Rhiannon Dixon’s first world-title fight week is underway, and as well as sweating out the last couple of pounds and drilling tactics, the 28-year-old former pharmacist will spend her spare time looking over detailed hand written – and highlighted – notes prepared by her training team. 

“Coming from university, that’s probably the way I learn best – I’m a bit of a geek,” she told Boxing Scene. “Sometimes, I’ll be sparring and they’ll shout something from the corner. I might not fully understand why they’ve shouted it but I’ll do it and then it comes off. I’ll be thinking, ‘That was good wasn’t it?’”

Dixon, 9-0 (1 KO), will fight Argentina’s Karen Elizabeth Carabajal, 22-1 (3 KOs), for the vacant WBO lightweight title on Saturday night.

Female fighters do move quickly but, generally, the ones who grasp the opportunities they are handed are those who enter the profession having enjoyed long, successful amateur careers and with far more technical ability than their overmatched opponents. 

Dixon is proving the exception. She is a former podium dancer who was inspired to fight after watching Ronda Rousey’s success in the UFC and decided to turn professional after just a handful of white collar fights. Despite spending the first few years of her career fitting her training around her full time job at a local hospital, she has already won the Commonwealth and European titles and - if she beats Carabajal - she will join Irish legend, Katie Taylor, as a reigning world lightweight champion. 

“I don’t think it’s spoken about enough,” she said. “I just think that this is what I have to do but I feel like I’m a fast learner and you see that in my fights. Every time, I’m bringing something new or correcting things that I’ve done wrong.

“They’ve obviously had so much amateur experience whereas I had seven white-collar fights. The standard is nowhere near the standard that they were fighting at.”

Dixon may not have spent years travelling the world competing in international tournaments and accumulating the skills and instincts that her rivals have but her pre-boxing life instilled in her the type of qualities that can only be gained through experience.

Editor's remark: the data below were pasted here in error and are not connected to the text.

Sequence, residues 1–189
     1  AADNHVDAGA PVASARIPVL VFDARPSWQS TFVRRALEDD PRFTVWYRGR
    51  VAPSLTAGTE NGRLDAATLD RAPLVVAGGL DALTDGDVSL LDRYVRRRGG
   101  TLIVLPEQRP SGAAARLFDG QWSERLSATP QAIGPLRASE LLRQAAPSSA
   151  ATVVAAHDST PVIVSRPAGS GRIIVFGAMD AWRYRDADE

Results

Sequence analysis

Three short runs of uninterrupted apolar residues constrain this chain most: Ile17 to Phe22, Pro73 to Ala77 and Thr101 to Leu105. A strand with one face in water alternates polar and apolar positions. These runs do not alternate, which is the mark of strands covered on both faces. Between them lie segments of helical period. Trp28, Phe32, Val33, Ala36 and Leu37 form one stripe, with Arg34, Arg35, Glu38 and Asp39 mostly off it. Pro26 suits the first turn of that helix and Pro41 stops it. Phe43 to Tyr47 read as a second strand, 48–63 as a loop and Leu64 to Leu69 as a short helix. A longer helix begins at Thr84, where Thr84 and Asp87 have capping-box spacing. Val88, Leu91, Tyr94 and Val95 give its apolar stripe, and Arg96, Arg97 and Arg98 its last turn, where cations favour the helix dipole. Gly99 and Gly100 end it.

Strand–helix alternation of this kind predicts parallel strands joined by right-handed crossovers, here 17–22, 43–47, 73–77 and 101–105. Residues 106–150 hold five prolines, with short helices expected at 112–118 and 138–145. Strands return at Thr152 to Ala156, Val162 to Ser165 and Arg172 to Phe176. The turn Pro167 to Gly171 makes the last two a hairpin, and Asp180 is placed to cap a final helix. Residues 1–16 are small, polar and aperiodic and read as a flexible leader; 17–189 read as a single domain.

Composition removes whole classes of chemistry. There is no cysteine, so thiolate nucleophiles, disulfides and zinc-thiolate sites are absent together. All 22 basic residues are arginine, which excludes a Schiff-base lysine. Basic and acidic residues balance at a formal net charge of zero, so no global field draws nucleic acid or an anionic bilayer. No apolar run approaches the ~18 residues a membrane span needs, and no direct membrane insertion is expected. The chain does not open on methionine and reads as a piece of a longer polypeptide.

Technically Dixon is improving rapidly at Anthony Crolla’s gym in Oldham but maybe the most important thing she has gained is perspective. Realising what is and isn’t important, and being able to concentrate on the task at hand, is a very underrated ability.

Dixon isn’t the type to dwell on the past – given her rapid success she hasn’t had to – but she has allowed her mind to wander, and to wonder exactly what she could have achieved if she had found her way into a boxing gym as a youngster.

“I don’t even know – sometimes I think about it but I like the way I’ve come though,” she said. “I did my dance and I’ve done pharmacy and I’ve got something to fall back on after boxing that I enjoy. Going to university and things like that makes me quite adaptable. Things don’t get to me.

“I worked on a hospital ward during COVID. Somebody giving my grief on Twitter or trying to box me in – that’s nothing after having a consultant have a go at me. That’s a matter of life and death and this isn’t. I think it’s made me quite resilient and I’m strong-headed. I wouldn’t change what I’ve been through for the world. Maybe I’d like to have started boxing earlier but that can’t be helped.”

Saturday night isn’t a coronation – Dixon has a fight on her hands. In October 2022 the experienced Carabajal boxed Katie Taylor for the undisputed lightweight title and although she lost a unanimous decision, she will travel to Manchester with much less respect for Dixon than she held for the Irish icon. Carabajal will see this as a winnable fight.

Dixon has yet to face a South American opponent and is expecting a tough night’s work. She believes her composure under pressure and willingness to learn and adapt will all come into play once the bell rings. 

“I’m expecting her to be really, really tough and she works at a high work-rate,” she said. “I just think her style will bring out the best of me and I’m looking forward to it. 

“I look at different fights. She’s fought a southpaw girl a few times and I’m looking at different things and noticing different patterns. I like it when girls come with ambition. When they’re a bit negative it makes me look s***.”